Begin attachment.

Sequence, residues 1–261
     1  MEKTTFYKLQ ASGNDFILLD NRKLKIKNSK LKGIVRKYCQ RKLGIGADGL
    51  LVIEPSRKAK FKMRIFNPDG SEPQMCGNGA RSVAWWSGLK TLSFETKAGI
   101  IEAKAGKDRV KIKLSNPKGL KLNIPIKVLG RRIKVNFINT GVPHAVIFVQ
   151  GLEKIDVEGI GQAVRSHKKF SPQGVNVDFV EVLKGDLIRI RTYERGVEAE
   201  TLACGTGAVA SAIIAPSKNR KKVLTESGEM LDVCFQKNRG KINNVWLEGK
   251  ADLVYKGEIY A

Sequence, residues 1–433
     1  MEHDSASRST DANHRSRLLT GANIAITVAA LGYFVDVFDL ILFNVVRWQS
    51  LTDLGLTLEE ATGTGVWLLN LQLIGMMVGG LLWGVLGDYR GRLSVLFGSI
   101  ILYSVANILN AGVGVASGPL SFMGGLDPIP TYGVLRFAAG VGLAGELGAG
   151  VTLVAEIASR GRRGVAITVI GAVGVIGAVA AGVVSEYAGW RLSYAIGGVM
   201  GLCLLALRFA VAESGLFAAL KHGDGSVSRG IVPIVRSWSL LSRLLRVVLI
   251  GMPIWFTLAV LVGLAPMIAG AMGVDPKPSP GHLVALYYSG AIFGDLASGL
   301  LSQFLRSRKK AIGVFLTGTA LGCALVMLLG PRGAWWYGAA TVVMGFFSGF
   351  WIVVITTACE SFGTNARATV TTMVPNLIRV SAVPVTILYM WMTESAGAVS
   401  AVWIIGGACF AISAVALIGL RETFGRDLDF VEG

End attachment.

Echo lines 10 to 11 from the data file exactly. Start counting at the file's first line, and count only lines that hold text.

    51  LTDLGLTLEE ATGTGVWLLN LQLIGMMVGG LLWGVLGDYR GRLSVLFGSI
   101  ILYSVANILN AGVGVASGPL SFMGGLDPIP TYGVLRFAAG VGLAGELGAG